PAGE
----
Solace. Silence. Surprise. Subtlety. Those are just a few of words that come to mind when considering the art installations of FLUX: Grant Park. Each artist and their collaborators presented a different type of energy in their work, and required the public to be active participants in a handful of instances.

One such instance was Rachel Garceau’s “Passage,” where the scale and intricacy of the work—a labyrinth whose borders were formed with porcelain stones—matched its contemplative nature. “Passage” forced visitors to pause and proceed, to answer questions only they themselves could answer, and to experience what it meant to have private moments in the presence of others. In addition to “Passage,” Garceau created porcelain forms that temporarily filled voids in the park’s pavement and walkways—momentary spaces for healing, repair, and restoration of the park’s infrastructure. According to Garceau:

“I think the greatest takeaway for me came from some of the responses I received from people as they completed their journey in and out of the labyrinth–I witnessed that by opening up an honest, delicate, and vulnerable space; people who came to experience it were also able to access those qualities within themselves. I shared stories, hugs, and tears with strangers. That is magic. And I don’t take credit for that–I found a beautiful space in a grove of trees in a park in Atlanta, and I simply invited people to take a walk there. The rest of the story is about the people who accepted that invitation. And the fact that so many people did–well, that is the gift to me.”

“The Toolbox”—presented by Rebecca M. K. Makus and her collaborators Elly Jessop Nattinger and Peter A. Torpey—was a performative mix of technology and creativity that intersected with the landscape of Grant Park, and even allowed visitors to participate as makers in a makeshift assembly shop. While some of the daytime activities of “The Toolbox” encouraged individual curiosity that engaged the senses, some of the most memorable moments came at night, where visitors were treated to light spectacles that sparked the imagination and accentuated Grant Park’s design features in fanciful ways.

The clearest acknowledgement of Grant Park’s history came courtesy of Iman Person’s “Waterlust,” which marked and accentuated some of the forgotten waterways of the 144-acre space, and invited visitors to listen, observe, and explore what might have been in days gone by. The installation forced obvious questions about how much of the old version of this park designed by the Olmstead Brothers remains in its current state, and put the relationship between Atlantans and water into a historical context. The expansive nature of a waterway— even one of days past—meant that “Waterlust” covered a unique and sprawling footprint throughout the park while in a static sense.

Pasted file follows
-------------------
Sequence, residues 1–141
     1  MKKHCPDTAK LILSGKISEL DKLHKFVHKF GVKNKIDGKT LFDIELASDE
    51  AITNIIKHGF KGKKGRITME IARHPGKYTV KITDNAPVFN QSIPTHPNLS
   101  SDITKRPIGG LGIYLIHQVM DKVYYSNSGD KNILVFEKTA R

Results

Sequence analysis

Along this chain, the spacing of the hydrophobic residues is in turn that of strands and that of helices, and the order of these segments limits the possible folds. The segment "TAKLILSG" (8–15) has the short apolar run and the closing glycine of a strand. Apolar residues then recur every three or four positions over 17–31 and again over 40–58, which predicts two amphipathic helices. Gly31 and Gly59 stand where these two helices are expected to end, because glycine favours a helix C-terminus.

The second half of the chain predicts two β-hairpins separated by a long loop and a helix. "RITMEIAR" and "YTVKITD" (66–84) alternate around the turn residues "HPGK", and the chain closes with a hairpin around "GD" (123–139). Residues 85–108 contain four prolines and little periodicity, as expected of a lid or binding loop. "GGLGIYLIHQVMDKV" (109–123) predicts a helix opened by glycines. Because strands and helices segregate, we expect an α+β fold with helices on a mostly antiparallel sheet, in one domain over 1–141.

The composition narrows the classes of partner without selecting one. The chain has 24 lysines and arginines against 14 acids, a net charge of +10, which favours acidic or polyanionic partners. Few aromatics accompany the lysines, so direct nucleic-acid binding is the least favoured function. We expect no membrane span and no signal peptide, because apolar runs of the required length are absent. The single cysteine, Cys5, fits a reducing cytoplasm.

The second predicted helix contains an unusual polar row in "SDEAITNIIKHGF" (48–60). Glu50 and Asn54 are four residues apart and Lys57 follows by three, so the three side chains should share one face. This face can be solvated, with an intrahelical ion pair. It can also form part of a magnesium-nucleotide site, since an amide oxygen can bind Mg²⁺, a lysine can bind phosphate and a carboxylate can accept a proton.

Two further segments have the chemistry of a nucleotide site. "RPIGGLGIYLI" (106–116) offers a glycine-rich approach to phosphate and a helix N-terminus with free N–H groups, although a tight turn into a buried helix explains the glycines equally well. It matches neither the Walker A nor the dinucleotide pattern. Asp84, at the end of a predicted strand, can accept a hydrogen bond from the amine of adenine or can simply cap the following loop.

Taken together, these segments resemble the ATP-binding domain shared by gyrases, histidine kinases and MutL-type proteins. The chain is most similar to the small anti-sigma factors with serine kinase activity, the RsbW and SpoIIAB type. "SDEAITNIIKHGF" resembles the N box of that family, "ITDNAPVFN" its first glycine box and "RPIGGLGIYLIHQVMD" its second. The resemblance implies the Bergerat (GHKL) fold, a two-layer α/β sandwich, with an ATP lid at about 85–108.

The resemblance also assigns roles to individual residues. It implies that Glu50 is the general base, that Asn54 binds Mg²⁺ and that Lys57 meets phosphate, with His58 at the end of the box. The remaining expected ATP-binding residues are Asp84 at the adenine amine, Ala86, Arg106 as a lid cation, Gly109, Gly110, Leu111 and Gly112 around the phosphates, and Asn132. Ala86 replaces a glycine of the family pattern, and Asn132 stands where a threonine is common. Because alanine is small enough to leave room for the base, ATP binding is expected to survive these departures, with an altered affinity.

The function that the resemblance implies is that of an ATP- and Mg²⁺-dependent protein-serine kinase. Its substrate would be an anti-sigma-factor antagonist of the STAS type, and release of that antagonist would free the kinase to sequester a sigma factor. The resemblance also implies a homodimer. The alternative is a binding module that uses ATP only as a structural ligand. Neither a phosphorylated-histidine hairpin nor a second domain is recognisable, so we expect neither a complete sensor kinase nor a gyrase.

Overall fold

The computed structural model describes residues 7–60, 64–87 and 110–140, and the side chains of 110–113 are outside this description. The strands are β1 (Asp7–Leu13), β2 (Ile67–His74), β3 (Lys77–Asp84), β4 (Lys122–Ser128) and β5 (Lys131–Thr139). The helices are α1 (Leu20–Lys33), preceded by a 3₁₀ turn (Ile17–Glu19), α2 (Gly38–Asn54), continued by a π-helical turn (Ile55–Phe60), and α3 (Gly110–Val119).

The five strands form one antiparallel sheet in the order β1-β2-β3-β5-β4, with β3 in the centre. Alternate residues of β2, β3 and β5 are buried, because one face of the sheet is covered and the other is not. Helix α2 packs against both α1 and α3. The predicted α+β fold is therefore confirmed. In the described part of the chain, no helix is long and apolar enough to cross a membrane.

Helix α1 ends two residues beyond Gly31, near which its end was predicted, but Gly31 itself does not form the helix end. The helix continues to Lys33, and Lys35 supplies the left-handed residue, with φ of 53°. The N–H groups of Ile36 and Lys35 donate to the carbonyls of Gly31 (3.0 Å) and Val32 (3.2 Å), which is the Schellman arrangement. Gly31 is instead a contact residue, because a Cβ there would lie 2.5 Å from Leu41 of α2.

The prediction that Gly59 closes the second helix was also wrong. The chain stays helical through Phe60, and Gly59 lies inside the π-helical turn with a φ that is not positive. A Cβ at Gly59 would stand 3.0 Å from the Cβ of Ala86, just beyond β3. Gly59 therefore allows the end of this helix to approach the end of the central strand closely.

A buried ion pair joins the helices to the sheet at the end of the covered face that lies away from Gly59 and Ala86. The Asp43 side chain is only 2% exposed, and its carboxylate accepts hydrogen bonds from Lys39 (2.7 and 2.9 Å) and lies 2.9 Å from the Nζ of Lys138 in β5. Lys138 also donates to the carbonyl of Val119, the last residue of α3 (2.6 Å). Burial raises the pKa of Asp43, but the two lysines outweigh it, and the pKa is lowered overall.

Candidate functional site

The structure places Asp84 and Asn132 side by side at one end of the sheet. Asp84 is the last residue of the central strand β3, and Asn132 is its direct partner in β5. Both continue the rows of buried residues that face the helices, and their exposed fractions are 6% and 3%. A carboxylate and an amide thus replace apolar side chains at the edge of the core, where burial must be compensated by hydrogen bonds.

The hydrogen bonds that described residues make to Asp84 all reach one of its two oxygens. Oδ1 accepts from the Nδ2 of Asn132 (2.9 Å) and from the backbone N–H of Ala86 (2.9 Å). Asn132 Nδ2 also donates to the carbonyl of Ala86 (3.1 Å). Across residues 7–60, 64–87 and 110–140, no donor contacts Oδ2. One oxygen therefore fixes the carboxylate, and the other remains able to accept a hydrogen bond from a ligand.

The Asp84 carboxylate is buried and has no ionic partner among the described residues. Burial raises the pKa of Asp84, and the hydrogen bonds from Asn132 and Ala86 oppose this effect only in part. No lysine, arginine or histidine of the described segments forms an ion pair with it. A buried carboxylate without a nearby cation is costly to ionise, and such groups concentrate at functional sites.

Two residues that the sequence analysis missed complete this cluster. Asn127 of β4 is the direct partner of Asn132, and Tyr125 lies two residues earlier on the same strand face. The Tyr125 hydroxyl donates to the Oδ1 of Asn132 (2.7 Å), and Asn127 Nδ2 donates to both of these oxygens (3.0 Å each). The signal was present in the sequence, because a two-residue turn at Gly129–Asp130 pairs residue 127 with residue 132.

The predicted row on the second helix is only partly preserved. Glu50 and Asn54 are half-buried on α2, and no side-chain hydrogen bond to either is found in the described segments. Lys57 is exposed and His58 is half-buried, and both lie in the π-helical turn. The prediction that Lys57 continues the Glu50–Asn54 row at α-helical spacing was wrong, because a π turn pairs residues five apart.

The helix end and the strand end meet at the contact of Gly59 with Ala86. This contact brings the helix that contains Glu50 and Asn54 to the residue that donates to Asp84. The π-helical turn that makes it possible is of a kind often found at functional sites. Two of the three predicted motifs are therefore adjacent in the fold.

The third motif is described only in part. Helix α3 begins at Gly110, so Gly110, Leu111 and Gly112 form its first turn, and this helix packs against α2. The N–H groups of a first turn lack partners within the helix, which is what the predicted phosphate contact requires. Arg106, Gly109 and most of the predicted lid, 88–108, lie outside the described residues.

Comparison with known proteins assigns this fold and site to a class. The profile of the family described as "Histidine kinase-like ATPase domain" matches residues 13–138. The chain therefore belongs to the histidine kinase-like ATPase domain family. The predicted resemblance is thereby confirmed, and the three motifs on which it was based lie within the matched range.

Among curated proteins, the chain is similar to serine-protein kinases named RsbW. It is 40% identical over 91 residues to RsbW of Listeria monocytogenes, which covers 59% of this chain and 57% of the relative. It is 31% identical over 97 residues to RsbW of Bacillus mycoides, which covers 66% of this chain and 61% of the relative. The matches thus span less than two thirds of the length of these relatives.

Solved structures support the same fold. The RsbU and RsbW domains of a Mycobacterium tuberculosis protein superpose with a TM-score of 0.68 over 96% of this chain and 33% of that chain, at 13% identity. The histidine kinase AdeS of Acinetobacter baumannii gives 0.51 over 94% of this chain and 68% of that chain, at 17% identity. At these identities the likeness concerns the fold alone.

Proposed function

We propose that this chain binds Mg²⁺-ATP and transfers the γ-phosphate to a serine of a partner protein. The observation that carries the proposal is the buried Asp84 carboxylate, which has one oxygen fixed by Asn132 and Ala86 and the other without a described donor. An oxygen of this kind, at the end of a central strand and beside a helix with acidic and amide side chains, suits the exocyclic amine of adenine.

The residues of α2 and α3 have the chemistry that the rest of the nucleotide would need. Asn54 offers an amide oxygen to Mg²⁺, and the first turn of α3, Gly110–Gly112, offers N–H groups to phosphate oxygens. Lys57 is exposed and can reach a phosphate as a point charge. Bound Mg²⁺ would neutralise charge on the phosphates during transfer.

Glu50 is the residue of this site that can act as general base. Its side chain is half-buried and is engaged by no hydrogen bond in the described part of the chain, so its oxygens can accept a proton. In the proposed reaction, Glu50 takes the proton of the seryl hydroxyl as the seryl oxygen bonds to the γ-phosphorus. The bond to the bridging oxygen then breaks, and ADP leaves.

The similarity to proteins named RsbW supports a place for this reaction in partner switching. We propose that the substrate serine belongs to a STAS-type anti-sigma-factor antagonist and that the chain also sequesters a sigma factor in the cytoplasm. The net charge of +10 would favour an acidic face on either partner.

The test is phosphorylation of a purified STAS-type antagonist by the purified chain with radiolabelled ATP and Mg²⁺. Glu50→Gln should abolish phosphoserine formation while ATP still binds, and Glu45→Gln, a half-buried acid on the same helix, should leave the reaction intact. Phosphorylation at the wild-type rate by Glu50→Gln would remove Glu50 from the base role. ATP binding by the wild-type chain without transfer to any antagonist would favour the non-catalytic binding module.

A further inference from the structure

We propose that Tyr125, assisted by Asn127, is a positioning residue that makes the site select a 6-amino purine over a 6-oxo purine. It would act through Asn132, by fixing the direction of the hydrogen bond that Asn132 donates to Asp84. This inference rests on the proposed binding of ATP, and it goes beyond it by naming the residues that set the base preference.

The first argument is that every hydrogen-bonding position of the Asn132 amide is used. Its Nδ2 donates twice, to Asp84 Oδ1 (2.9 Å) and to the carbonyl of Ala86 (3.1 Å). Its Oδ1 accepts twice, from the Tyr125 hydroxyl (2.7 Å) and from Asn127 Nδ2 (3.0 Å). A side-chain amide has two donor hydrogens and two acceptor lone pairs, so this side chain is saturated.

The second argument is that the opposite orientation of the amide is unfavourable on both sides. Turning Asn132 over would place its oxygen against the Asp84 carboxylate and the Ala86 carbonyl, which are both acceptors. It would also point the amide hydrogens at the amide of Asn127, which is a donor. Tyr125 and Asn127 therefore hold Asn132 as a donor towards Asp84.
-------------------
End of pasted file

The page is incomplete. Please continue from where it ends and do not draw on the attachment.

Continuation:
“Participating in FLUX: Grant Park has further formed my experience of how fluid site- responsive work can respond within the given boundaries of public space,” says Person. “‘Waterlust’ allowed me to explore the concepts of “Space” versus “Place” through the intrinsic history of the park and by having the opportunity to enact my own history with water and ritual, back into the park.”

While “Waterlust” covered the park in a static—or stationary—sense, the movement and migrations of Lauri Stallings and glo via “Land Trees and Women” provided a different opportunity for visitors to explore the park in a variety of spaces and places, and with varying perspectives on the body as an instrument in-tune with nature.

Parks often represent places where we get in touch with our bodies, and where we are more aware of the bodies of others—humans and animals alike. “Land Trees and Women” furthered the experience of the context of the body and the park as a location for exploration—often drawing visitors away from walking paths and into green spaces, or interjecting bodies into normal paths and inviting consideration. Over the course of FLUX: Grant Park it became evident that Stallings and the movement artists of glo were challenging their bodies, challenging the viewer’s imagination around their own bodies, and forcing witnesses to further examine the relation between the human body and things we may overlook.

The expanse of Grant Park—Atlanta’s 4th Largest—allowed the lead artists to create individual installations that breathed on their own, yet sparked comfortable moments of spacial collaboration where visitors could see the works in close proximity in certain locations and at special times. While the space worked to the advantage of the artists in most instances, the wide area did provide some challenges for visitors who didn’t expect to traverse such a wide area, or were perhaps less than astute at independently navigating park paths and terrain in search of the art. Perceived another way, however, and this unintended exploration might have created a sense of anticipation for some digital natives who, often with a smartphone as a companion, embraced the challenge of trying to find the real life versions of what was previously seen via social media.

Grant Park, much like Atlanta, is a much different place in 2018 than it was in 1883 when it officially opened with stipulations that “the land should be used for park purposes for all Atlantans,” with no racial restrictions1. And while the history of the park and its place in the lives of Atlantans may change incrementally over the decades, the magic, effort and intent of FLUX: Grant Park brought people together to remind us of what the park has meant, the lives it touches, and the significance of its future as a viable public space in the city.